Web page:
“Please Show Me My Weakness,” Ensign, July 2005, 28–29
While teaching early-morning seminary one day, I was especially frustrated with my seeming inability to reach my students. If only I had Sister Hamlin’s gift of gab or my husband’s warm sense of humor! A few more skills in the entertainment area would certainly be helpful in trying to motivate and keep the attention of 17 teenagers. Something was wrong, and I had no idea what it was.
At home later that day, I decided to listen to a talk tape while I tackled my ironing. I prayed I might choose a tape that would help me know what I needed to do.
I was surprised at the directness with which my prayer was answered. The speaker on the tape mentioned the adverse effects of contention, and I suddenly realized that although I had not even recognized its presence, I was churning inside with resentment toward a student who skillfully counteracted my hours of preparation each day. That subtle, simmering bit of ill will had hardened my heart to the promptings of the Spirit.
I knew from past experience that Heavenly Father can replace anger and hurt with love and understanding if we ask Him earnestly. I therefore pleaded with Him to change my feelings toward this student, and He answered my petition. Rising from my knees overcome with the joy of having a new heart, I could hardly wait to begin preparing my lesson on Ether 12 for class the next morning.
As I read verses 23–24 I could picture Moroni expressing his feelings of inadequacy as he translated from the powerful language of the Jaredite records: “Lord, the Gentiles will mock at these things, because of our weakness in writing. … Behold, thou hast not made us mighty in writing like unto the brother of Jared, for thou madest him that the things which he wrote were mighty even as thou art, unto the overpowering of man to read them.” How often I too had felt inadequate because I lacked someone else’s obvious gift!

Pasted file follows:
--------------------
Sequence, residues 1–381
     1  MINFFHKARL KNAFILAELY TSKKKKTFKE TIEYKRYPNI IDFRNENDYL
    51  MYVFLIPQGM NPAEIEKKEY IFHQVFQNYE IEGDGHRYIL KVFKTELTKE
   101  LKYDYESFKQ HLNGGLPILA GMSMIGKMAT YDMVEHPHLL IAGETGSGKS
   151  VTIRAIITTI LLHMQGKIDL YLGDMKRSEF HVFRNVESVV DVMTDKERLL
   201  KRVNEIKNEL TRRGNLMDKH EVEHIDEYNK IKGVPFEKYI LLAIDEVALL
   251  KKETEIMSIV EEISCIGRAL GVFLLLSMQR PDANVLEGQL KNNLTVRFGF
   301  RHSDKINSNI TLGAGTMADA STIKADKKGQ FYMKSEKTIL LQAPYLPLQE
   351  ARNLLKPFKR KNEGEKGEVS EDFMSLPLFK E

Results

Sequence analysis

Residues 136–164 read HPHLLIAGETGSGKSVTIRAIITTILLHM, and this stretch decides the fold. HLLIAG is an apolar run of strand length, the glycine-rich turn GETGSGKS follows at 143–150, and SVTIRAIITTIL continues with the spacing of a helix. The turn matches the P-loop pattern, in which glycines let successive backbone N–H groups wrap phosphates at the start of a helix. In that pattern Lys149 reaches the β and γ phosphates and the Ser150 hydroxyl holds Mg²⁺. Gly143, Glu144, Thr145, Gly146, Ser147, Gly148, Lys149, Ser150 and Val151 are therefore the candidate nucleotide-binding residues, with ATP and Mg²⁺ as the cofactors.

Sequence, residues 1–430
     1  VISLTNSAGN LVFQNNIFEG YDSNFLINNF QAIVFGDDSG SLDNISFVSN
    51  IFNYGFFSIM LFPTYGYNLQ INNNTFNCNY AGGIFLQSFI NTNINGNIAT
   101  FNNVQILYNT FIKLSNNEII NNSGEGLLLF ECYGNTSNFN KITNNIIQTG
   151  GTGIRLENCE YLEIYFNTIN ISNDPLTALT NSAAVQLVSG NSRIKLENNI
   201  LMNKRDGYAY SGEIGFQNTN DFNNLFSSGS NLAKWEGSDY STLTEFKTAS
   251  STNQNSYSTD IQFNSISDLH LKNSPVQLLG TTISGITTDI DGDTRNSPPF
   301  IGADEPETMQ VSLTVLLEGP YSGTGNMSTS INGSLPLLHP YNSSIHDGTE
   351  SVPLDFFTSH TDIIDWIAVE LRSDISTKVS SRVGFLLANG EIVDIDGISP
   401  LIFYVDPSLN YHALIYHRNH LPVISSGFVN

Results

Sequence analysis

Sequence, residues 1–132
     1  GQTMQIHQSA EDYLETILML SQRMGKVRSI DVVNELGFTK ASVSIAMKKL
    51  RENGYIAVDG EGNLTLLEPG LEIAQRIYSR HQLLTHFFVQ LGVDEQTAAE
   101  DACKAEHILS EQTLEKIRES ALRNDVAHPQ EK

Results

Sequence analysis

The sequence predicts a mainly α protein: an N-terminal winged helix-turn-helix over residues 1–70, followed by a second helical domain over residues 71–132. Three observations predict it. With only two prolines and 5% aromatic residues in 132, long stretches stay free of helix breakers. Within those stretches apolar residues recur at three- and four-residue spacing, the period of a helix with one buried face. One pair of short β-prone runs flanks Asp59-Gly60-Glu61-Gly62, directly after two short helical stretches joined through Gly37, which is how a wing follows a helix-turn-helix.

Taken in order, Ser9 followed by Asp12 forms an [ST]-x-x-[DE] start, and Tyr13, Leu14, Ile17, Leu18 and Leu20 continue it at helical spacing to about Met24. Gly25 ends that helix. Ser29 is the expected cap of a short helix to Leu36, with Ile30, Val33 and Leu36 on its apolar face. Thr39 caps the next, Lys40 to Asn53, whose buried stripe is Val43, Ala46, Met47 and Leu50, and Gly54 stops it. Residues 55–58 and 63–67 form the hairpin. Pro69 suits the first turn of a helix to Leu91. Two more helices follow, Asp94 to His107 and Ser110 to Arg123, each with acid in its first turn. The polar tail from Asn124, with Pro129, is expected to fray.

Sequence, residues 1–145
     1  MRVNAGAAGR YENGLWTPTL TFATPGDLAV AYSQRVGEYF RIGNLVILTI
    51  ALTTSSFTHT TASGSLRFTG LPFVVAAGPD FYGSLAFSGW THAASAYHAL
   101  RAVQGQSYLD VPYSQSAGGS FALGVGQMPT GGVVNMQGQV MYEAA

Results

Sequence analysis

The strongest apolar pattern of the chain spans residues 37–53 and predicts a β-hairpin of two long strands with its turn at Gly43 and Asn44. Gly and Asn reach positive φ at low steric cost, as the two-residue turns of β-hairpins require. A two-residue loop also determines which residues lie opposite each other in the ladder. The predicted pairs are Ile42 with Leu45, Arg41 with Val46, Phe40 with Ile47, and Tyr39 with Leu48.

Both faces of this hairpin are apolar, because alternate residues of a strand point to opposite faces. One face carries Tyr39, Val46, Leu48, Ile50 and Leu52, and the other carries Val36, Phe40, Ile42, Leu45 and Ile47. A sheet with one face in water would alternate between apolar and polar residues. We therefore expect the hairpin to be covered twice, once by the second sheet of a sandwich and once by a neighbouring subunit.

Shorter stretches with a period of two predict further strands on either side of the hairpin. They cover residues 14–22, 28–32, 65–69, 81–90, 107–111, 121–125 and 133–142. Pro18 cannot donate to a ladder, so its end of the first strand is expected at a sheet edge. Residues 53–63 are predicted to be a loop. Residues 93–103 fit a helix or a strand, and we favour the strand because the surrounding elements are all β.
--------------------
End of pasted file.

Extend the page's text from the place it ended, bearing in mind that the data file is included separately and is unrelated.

The Lord gave the solution to Moroni’s problem: “And if men come unto me I will show unto them their weakness. I give unto men weakness that they may be humble; and my grace is sufficient for all men that humble themselves before me; for if they humble themselves before me, and have faith in me, then will I make weak things become strong unto them” (Ether 12:27).
I had never noticed the process in this verse before, but because of the morning’s events, it stood out plainly:
Come unto Christ. I had previously wondered how anyone could consider it a blessing to have a weakness revealed to him or her. As it was, I had always felt painfully aware of mine. But now I realized that my weakness was the very thing I had been seeking to know that morning. I had reached out to say, “What am I doing wrong?” or in essence, “Please show me my weakness.”
I had to come to Christ before He showed me my weakness. And the instruction I received was a blessing. Without the knowledge I was given, I would have continued to have the problem and frustration with no idea as to how to overcome it.
Humble yourself before Christ. Why had I not received an answer to my problem much earlier? Could it have been because I wasn’t humble enough to get the kind of answer I needed? I was trying to improve the situation on my own by using this technique or that: more visual aids, more class involvement, more preparation. But the mornings were no better. Not until I felt the full effect of the principle taught in John 15:4–5 was I humble enough to receive the answer I needed. In these verses the Savior said, “As the branch cannot bear fruit of itself, except it abide in the vine; no more can ye, except ye abide in me. … Without me ye can do nothing.”
Have faith in Christ. “With God all things are possible” (Matt. 19:26). That includes softening hard hearts. The peace and love that came into my heart that day were truly a gift. As well as I knew that I could not overcome my problem alone, I also knew that the Savior is the source of all strength and light.
He will make weak things strong. As we met in seminary the next morning, the Spirit of the Lord was freely felt. The students recognized it and expressed appreciation for what they had learned from Ether 12. The grace of God, that enabling power, had been not only sufficient but ample, and I was reminded of the words of a hymn, “My weakness in mercy he covers with pow’r, and, walking by faith, I am blest ev’ry hour” (“The Lord Is My Light,” Hymns, no. 89).